Book Nine was short, but fairly tedious. In these thirty pages Augustine debates the nature of demons, who are believed to serve as intermediaries between men and the gods. Most in Augustine's day believed there were good and bad demons, and Augustine explores, then refutes, this notion, along with the belief that demons can serve … Continue reading City of God, Book 9: Demon Go-Betweens
In Book Eight Augustine leaves behind his discussion of the religion of the theatre and the temple, of the people on the street, and focuses his attention on "they who profess to be 'lovers of wisdom'". If wisdom is identified with God, then these men are lovers of God, but, contends Augustine, not everything that … Continue reading City of God, Book 8: Close, but no Cigar
Book 7 almost beat me. I got a bit bogged down even though it's only forty-some pages. Much of the ground Augustine covers here has been well trodden in early books, but thankfully it includes an incredible section of Christian theology that leads almost to doxology. He begins outlining his purpose explicitly, "I am using … Continue reading City of God, Book 7: From Apologetic to Worship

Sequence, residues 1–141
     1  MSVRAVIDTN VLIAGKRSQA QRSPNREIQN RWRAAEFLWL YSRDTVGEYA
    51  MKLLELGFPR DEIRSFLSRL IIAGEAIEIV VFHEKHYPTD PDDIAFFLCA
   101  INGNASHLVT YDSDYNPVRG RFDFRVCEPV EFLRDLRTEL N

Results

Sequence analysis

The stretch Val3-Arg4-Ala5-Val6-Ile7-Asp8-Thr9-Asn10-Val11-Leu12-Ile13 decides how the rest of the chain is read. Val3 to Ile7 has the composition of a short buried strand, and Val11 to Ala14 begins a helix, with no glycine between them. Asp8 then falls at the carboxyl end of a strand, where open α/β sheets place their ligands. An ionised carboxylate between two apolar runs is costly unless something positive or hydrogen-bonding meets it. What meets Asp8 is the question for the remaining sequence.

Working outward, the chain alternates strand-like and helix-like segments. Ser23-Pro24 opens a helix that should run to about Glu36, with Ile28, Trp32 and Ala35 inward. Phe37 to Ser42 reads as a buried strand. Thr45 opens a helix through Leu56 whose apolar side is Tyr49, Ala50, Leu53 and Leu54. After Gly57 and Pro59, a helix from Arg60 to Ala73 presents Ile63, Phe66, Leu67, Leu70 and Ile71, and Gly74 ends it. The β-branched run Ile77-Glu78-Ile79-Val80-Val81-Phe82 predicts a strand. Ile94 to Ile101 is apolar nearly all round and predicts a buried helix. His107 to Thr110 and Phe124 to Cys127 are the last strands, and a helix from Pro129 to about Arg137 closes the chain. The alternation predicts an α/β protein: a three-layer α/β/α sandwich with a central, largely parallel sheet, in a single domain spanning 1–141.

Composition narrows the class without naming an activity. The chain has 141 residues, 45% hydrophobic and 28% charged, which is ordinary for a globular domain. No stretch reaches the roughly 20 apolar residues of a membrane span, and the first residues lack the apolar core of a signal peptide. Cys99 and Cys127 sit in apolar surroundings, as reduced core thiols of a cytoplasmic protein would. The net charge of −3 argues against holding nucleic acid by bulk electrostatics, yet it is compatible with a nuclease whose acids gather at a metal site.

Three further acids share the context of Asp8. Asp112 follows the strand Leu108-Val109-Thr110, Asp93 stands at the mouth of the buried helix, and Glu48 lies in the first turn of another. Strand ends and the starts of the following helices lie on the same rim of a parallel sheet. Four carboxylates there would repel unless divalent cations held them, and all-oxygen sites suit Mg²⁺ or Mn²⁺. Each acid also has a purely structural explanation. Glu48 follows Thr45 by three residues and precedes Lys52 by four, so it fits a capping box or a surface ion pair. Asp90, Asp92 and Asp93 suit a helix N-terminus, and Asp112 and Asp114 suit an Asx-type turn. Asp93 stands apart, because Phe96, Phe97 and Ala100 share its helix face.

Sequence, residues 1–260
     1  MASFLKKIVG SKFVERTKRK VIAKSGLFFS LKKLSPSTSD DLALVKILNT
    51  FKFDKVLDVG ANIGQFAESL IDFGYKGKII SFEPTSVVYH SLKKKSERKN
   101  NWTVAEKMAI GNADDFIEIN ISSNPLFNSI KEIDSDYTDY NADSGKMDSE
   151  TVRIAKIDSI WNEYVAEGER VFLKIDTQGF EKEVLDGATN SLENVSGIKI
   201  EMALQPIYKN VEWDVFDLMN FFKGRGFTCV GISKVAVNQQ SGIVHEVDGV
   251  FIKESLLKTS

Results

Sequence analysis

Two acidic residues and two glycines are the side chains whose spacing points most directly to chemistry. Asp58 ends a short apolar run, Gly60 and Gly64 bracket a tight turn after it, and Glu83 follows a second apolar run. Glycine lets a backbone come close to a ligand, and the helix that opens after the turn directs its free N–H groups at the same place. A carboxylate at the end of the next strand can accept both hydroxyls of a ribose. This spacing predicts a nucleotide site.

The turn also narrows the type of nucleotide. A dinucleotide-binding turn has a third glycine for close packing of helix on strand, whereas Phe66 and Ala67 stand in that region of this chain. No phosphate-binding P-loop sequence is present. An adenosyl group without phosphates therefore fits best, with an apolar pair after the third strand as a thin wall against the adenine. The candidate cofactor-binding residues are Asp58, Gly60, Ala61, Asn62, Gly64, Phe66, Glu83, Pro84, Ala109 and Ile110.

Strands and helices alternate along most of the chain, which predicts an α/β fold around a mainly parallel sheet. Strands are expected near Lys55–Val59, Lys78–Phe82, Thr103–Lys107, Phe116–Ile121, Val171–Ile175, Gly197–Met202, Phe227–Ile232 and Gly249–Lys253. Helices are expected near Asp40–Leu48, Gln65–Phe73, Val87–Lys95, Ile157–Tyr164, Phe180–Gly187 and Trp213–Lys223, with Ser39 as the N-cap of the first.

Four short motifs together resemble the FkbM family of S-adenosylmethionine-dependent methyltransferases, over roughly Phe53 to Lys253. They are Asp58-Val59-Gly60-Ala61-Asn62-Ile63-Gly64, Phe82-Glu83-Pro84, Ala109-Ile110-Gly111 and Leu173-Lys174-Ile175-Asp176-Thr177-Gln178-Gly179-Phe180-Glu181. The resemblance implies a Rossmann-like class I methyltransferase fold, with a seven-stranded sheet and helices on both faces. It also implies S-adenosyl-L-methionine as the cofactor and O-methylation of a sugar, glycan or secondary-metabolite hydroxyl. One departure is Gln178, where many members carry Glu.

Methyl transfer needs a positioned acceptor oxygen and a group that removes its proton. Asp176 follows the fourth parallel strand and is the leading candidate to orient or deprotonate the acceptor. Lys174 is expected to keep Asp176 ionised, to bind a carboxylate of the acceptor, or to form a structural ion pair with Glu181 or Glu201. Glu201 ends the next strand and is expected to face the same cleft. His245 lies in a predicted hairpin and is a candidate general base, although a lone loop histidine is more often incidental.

Augustine's Book 6 continues his dismantling of Roman religion and philosophy. In particular, Book 6 addresses those who would claim that the gods are to be worshiped for what they give in the next life, not the material blessings they give in this life. Of course, Christians do indeed worship the One True God and … Continue reading City of God, Book 6: Trust these gods?
Book Five is the most theological so far, covering ground I am more familiar with (more familiar than Roman history and myth). It is Augustine's goal to demonstrate that Rome's expansion was due to God's plan and give some insight into why God allowed the Roman Empire to conquer and grow. Augustine states in unequivocally … Continue reading City of God, Book 5: Fate?